April Newsletter

April 02 , 2012 in Newsletter

 

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SecurShred E-Newsletter - April 2012
 

SecurShred Providing Electronic Data Destruction Solutions

 

Residents and businesses are learning that electronics recycling may not be in compliance 

 

Pile of Computer Electronics

Today's computers are faster, more efficient, come with bigger storage and processing capacities and are being produced at virtually the same price now as they were 18 months ago. This advancement in new technology has created a problem in terms of what to do with our old technology. In order to keep up, companies need to continually upgrade their software and electronics. This creates a tremendous amount of e-cycling waste and increases the risk of confidential material being leaked and the potential of identity theft.

In 2009, 5 million tons of electronics were in storage and 2.37 million tons of electronics were ready for end-of-life management. Out of that, only 25% was collected for recycling. (www.epa.gov, October 2011) Many people are misinformed or not properly educated on what to do with their old technology once it has become obsolete and is ready for the scrap pile.

The risk lies with the handling, access, storage, and disposal of the hard drives housed within every computer and removable electronic storage devices...

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County Trashes Confidential Information


Violating privacy law, health department discards personal information of people applying for benefits in public trash bin


Michele Nelson, reporter, Payson Roundup, Arizona - March 9, 2012

Dumpster Diving

Gila County Health Department staff dumped confidential personal information that included copies of drivers' licenses and birth certificates into a public recycling bin found by two Payson residents on Feb. 29.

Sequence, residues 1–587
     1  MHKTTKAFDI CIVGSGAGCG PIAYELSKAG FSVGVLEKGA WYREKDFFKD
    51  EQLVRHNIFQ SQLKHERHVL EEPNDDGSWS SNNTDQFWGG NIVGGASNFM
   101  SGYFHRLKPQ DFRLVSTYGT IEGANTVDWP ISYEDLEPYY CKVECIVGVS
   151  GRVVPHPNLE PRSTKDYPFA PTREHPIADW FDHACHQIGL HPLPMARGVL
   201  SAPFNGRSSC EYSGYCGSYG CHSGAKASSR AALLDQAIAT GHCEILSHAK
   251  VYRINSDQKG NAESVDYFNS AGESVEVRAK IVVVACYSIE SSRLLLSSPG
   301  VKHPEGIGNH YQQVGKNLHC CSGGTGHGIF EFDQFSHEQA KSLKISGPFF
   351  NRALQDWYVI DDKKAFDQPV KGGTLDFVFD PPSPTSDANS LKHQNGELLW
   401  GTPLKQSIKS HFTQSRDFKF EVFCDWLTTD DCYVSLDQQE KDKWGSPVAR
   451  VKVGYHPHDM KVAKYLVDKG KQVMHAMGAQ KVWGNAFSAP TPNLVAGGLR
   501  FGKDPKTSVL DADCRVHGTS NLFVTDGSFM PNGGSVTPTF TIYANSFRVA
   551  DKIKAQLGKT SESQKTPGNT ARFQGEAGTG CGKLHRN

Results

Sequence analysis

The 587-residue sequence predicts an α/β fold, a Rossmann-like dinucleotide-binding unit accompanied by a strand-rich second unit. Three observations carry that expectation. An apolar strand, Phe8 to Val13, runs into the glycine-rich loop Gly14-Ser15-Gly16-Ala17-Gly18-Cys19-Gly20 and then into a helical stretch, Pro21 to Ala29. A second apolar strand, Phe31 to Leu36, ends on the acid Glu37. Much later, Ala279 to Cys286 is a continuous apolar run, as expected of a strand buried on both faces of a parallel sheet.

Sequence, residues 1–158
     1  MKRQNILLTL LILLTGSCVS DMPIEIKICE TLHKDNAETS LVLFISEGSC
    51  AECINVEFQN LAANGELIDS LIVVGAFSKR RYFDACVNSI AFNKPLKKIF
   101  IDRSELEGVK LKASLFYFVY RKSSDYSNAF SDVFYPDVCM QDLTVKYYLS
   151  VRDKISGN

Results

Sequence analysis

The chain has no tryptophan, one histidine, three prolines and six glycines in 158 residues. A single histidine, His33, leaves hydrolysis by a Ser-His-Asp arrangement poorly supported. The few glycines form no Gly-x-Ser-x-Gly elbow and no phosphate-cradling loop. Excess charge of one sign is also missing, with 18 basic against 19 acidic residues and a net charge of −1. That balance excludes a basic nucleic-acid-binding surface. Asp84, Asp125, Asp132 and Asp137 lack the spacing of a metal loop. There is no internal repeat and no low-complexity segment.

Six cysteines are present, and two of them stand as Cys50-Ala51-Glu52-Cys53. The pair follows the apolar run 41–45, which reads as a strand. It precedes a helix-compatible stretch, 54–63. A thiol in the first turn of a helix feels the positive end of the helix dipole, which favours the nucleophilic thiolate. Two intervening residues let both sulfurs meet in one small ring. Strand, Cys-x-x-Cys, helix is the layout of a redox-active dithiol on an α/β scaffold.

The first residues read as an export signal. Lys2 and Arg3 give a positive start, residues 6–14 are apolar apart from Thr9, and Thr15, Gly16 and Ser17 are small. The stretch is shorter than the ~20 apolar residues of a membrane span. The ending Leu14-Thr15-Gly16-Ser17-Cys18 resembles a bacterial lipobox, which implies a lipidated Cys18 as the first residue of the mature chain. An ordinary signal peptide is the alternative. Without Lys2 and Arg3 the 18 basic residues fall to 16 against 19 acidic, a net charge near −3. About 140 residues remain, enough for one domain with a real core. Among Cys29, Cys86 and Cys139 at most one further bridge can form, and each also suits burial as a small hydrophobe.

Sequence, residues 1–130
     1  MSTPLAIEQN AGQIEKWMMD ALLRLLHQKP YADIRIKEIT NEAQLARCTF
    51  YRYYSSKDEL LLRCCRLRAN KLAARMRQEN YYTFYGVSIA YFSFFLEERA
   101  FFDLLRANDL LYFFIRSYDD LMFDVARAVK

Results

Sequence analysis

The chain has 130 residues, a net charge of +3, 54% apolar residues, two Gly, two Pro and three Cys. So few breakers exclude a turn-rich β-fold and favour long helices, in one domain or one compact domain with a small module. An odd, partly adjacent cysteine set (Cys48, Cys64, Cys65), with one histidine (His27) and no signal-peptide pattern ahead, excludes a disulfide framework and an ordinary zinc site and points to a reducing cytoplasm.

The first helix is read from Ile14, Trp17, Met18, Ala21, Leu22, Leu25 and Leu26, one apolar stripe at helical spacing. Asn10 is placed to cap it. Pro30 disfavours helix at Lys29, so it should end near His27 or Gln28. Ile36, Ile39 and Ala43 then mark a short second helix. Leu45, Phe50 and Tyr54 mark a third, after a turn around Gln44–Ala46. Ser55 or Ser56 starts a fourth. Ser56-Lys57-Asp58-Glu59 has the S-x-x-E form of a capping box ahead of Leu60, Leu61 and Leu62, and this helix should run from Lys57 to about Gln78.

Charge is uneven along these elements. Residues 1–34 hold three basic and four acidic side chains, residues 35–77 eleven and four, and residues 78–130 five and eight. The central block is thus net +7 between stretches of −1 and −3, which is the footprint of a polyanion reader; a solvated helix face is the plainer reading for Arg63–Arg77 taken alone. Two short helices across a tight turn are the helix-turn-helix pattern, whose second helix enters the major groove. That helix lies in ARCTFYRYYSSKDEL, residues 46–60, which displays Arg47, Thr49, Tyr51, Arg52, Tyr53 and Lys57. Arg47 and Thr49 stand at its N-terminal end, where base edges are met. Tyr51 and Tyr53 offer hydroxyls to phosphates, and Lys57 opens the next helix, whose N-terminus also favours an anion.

"The fact this is happening is inexcusable," said Supervisor Tommie Martin. 
The health department reported in a press release this week that an employee threw two bankers-style boxes containing 12 files of internal documentation into a recycle container used by other businesses in Payson.  

The employee has been reprimanded and retrained, said county officials. County officials have not confirmed how many individual's records were compromised, but the files reportedly included hundreds of pages.  

County officials said they've launched an investigation but have not yet revealed how the confidential information ended up in boxes of recycling material an employee routinely dumped in the trash. County officials have denied reports that confidential records were discarded at least twice...

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Industry Holds Its Breath Awaiting HITECH Final Rule


Pros and cons of in-house and outsourced data destruction


Pile of Computer Electronics

Last December, the U.S. Department of Health and Human Services (HHS) publicly committed to releasing the long awaited Health Information Technology for Economic and Clinical Health (HITECH) final rule this month. Despite that commitment, there are now confirmed reports that the HIPAA/HITECH rule will not be published until the summer.

On March 24 the U.S. Office of Management and Budget (OMB) received the rule from HHS. OMB has up to 90 days in which to review the rule (although it often receives an extension on that deadline). This rule will include four parts: the primary changes to the HIPAA Privacy and Security rules, stemming from the July 2010 proposed rule; the final breach notification rule; changes to the enforcement rule dealing with process and penalty levels; and certain changes from the Genetic Information Nondisclosure Act. This "mega rule" will not address the controversial proposed changes to the HIPAA accounting rule, which are on a different timetable.

Accordingly, while this process is moving through its final stages, the rule likely will not be released until mid-summer at the earliest, presuming the OMB does not push for additional changes. It is expected that companies will have seven months from the publication of the rule to be compliant with its provisions. The substance of the rule will not change, so companies can begin preparing for this requirement now.

"The final rule is a 10 on the data protection Richter scale," said NAID CEO Bob Johnson. "It will mark the date that fines for improper disposal of medical information become mandatory in most circumstances. It will also mark the moment that small medical practices are forced to take secure destruction of information more seriously as publicity on the issue goes through the roof."

 

 

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In This Issue:
SecurShred Providing Electronic Data Destruction Solutions
County Trashes Confidential Information
Industry Holds Its Breath Awaiting HITECH Final Rule
 
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